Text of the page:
I must admit, I did not finish the book. I made it through chapter 5 and had more than enough insight into Spetner’s level of competence in this field.

The whole book could be summarized much the same as any Intelligent Design (ID) argument. The ID thesis really has 2 parts: 1) Look at all this really complicated stuff! Then comes 2) Since all this stuff is so complicated, it must have been assembled by something other than evolution! [insert intelligent force here].

Spetner gets right to work explaining that cells, DNA, proteins, reproduction, and development are all really complicated things in chapter 2. (Look at all this complicated stuff!). This must be a problem because “there is no evidence that complexity has been built up by the process described by” evolution (Spetner 61). Or at least no evidence Spetner is competent or honest enough to mention. Go ask a biologist about examples of duplication and exaptation of genes and they likely won’t have any trouble giving you several off the top of their head.

But since Spetner is too clever to ask questions of real biologists, he decides to come to an ID answer to his imagined problem for evolution. Chapter seven: The Deck is Stacked! I did skim this chapter. Using several examples Spetner explains his Great Idea: the Non-Random Evolutionary Hypothesis. “The environment induces a change in either the phenotype or the genotype. . . the NREH does not suffer from the contradictions of the [Neo Darwinian Theory], and promises therefore to provide a more consistent picture of life.” (Spetner 208). Not long after, and absolutely unsurprisingly, Spetner finds space to jam God into the works: “The NREH, on the other hand, is agnostic and poses no contradictions to creation. The NREH, as an explanation of evolution, is in fact derivable from Talmudic sources.”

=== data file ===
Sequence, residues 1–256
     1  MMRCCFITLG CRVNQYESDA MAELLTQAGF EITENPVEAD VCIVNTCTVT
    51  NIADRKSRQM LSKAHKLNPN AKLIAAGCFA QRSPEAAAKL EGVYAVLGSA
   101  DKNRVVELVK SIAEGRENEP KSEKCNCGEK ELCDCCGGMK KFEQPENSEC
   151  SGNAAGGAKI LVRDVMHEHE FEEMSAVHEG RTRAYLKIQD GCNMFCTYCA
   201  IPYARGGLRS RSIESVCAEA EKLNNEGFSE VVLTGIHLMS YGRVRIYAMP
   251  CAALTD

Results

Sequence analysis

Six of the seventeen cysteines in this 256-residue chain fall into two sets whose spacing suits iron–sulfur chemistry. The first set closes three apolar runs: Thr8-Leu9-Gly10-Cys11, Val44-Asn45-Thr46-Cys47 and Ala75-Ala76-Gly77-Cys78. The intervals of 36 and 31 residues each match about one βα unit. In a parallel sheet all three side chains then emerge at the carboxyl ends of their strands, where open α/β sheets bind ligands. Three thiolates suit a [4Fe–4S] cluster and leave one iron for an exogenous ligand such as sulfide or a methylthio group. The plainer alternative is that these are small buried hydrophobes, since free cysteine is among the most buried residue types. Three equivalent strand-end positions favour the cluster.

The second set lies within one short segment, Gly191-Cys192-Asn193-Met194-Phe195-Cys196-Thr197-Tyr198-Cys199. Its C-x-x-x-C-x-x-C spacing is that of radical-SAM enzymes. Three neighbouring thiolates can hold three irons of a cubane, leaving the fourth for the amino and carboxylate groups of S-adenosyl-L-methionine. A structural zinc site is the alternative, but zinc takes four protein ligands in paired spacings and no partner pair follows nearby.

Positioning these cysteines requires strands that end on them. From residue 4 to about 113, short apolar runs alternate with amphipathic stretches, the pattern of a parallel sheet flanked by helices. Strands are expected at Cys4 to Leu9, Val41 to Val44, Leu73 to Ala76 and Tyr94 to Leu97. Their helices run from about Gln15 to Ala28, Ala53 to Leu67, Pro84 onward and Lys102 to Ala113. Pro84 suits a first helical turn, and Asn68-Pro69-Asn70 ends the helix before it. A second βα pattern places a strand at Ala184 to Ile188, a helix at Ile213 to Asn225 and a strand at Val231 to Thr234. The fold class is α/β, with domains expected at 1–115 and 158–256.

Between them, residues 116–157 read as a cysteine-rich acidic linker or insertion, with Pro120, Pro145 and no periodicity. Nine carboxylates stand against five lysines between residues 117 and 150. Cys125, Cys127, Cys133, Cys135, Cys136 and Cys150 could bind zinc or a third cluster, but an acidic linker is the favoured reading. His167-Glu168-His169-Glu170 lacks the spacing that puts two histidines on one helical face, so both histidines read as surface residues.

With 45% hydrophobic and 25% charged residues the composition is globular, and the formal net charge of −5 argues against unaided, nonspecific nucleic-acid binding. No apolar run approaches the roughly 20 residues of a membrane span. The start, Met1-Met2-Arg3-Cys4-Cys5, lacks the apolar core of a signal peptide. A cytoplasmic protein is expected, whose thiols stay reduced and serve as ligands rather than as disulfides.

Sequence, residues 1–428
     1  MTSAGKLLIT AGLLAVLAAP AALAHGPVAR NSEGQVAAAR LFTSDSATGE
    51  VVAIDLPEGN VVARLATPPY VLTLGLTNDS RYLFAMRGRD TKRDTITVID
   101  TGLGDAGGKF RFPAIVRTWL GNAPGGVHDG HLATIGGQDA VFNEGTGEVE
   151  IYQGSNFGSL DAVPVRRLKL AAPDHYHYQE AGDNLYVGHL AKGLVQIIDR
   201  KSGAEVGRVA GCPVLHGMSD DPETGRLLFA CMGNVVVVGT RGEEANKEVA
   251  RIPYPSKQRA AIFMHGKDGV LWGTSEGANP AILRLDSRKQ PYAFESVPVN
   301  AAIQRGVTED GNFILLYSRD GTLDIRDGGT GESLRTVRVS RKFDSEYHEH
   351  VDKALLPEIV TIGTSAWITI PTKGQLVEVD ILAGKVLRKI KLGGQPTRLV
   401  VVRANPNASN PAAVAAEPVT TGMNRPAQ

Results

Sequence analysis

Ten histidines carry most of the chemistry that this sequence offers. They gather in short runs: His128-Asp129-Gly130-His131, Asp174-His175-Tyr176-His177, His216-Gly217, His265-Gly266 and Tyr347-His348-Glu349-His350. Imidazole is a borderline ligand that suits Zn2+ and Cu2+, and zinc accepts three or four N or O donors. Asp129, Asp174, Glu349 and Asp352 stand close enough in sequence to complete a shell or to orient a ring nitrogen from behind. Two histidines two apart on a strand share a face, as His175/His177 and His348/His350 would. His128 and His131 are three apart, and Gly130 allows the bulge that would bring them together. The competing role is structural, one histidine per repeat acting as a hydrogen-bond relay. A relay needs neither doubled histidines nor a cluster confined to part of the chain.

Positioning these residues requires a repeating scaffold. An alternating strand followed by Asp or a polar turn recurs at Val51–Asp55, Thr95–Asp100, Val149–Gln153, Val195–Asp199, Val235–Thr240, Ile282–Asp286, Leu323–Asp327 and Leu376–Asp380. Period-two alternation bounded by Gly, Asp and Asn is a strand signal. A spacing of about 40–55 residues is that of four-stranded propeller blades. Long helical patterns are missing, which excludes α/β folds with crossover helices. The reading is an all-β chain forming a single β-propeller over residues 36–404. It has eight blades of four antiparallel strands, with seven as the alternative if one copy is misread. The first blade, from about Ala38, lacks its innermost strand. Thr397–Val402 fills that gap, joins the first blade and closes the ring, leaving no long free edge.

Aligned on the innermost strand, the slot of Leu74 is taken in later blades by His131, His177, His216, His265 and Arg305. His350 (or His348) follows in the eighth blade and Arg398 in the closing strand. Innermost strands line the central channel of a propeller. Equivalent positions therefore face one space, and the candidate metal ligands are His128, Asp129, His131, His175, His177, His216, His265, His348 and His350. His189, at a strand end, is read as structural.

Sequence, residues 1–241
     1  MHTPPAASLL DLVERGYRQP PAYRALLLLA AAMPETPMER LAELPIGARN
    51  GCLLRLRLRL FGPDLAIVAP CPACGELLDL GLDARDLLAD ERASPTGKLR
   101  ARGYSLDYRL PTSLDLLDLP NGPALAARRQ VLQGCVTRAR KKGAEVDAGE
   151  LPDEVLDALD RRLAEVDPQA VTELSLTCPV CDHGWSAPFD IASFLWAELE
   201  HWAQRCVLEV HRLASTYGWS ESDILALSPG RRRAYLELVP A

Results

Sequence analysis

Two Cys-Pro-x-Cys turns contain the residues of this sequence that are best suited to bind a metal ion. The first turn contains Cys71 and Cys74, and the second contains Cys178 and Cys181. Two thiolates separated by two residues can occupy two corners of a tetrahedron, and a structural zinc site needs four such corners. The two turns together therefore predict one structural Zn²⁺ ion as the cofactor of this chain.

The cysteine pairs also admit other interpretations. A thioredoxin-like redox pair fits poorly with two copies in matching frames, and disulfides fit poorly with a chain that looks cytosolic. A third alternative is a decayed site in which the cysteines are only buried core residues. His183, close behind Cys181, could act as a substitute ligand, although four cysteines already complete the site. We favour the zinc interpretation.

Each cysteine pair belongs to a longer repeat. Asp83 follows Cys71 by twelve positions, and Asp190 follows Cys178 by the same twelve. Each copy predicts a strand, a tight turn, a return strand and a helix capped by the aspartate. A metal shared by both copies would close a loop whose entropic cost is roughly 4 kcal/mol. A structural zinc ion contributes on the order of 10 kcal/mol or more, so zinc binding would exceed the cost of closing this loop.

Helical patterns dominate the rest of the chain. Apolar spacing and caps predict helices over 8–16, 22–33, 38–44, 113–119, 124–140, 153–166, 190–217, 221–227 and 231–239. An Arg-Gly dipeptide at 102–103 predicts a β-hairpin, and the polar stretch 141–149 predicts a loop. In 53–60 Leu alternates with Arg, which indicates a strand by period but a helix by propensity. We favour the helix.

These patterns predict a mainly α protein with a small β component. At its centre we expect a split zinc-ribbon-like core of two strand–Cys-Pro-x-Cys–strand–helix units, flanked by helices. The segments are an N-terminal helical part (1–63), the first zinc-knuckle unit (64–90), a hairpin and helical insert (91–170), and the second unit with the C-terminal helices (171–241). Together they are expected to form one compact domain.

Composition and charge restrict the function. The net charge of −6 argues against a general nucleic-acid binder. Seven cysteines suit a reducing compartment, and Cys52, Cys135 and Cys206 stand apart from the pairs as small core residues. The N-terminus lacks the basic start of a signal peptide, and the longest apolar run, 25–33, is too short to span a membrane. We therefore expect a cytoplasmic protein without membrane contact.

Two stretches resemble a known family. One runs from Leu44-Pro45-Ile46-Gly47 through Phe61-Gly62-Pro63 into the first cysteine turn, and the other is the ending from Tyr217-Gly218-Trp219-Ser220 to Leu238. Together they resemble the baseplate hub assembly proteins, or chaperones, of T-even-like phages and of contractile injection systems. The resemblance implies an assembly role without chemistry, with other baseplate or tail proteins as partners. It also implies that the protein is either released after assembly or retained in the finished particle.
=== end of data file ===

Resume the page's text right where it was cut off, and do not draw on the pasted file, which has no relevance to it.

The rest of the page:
Besides the thesis being trash, not much else can be said about the book. The writing is painful. Many chapters open with campy made-up scenarios like Cowboy Chuck shooting Cowboy Bert for winning poker, because winning against a straight flush is too unlikely. This is certainly a subjective thing, but it really made me cringe.

Spetner’s rampant incompetence also is pretty cringe-worthy. He makes all sorts of frankly factually incorrect claims about population dynamics and genetics. “Population size is not controlled by starvation, disease, or predation” (Spetner 16), except for the painfully well-understood fact that starvation, predation, and disease do greatly control population sizes. Or, “one step of evolution cannot, on the average, bring to the genome more than one bit of information” (Spetner 72), in which case he has arbitrarily defined one bit to mean any genetic change whatsoever instead of any definition of information that scientists actually use. Ugh. A guy can only take so much of watching his field of study be incompetently represented before needing to put a book down.

This book is just a mess of incompetence. I think it’s the first book I’ve read by an ID supporter, and I suspect it will be the last. Based on what I’ve seen of ID writing elsewhere on blogs, this book was as about as intelligently designed as they come.